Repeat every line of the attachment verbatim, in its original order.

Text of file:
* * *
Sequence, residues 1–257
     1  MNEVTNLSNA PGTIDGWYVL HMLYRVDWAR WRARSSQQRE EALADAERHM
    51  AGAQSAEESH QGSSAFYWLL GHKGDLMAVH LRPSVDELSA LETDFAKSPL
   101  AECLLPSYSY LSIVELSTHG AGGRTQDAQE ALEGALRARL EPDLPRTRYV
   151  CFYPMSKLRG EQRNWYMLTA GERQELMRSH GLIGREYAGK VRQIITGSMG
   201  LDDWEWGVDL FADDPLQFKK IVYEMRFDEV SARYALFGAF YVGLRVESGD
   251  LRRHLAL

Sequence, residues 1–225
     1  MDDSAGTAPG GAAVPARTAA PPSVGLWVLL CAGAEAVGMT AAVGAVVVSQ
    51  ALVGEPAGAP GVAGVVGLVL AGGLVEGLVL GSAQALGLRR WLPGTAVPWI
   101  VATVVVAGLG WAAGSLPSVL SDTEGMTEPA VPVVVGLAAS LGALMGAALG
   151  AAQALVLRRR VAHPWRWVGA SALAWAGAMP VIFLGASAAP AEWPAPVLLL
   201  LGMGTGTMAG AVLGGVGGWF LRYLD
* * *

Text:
Sequence, residues 1–257
     1  MNEVTNLSNA PGTIDGWYVL HMLYRVDWAR WRARSSQQRE EALADAERHM
    51  AGAQSAEESH QGSSAFYWLL GHKGDLMAVH LRPSVDELSA LETDFAKSPL
   101  AECLLPSYSY LSIVELSTHG AGGRTQDAQE ALEGALRARL EPDLPRTRYV
   151  CFYPMSKLRG EQRNWYMLTA GERQELMRSH GLIGREYAGK VRQIITGSMG
   201  LDDWEWGVDL FADDPLQFKK IVYEMRFDEV SARYALFGAF YVGLRVESGD
   251  LRRHLAL

Sequence, residues 1–225
     1  MDDSAGTAPG GAAVPARTAA PPSVGLWVLL CAGAEAVGMT AAVGAVVVSQ
    51  ALVGEPAGAP GVAGVVGLVL AGGLVEGLVL GSAQALGLRR WLPGTAVPWI
   101  VATVVVAGLG WAAGSLPSVL SDTEGMTEPA VPVVVGLAAS LGALMGAALG
   151  AAQALVLRRR VAHPWRWVGA SALAWAGAMP VIFLGASAAP AEWPAPVLLL
   201  LGMGTGTMAG AVLGGVGGWF LRYLD